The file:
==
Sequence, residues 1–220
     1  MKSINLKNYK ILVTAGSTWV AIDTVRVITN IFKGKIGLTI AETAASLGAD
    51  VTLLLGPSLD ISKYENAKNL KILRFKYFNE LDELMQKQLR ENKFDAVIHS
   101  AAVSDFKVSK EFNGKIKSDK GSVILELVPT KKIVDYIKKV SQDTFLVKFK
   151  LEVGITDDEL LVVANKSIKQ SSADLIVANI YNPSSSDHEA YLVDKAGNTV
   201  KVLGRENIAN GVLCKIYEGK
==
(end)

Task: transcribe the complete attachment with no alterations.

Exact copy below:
Sequence, residues 1–220
     1  MKSINLKNYK ILVTAGSTWV AIDTVRVITN IFKGKIGLTI AETAASLGAD
    51  VTLLLGPSLD ISKYENAKNL KILRFKYFNE LDELMQKQLR ENKFDAVIHS
   101  AAVSDFKVSK EFNGKIKSDK GSVILELVPT KKIVDYIKKV SQDTFLVKFK
   151  LEVGITDDEL LVVANKSIKQ SSADLIVANI YNPSSSDHEA YLVDKAGNTV
   201  KVLGRENIAN GVLCKIYEGK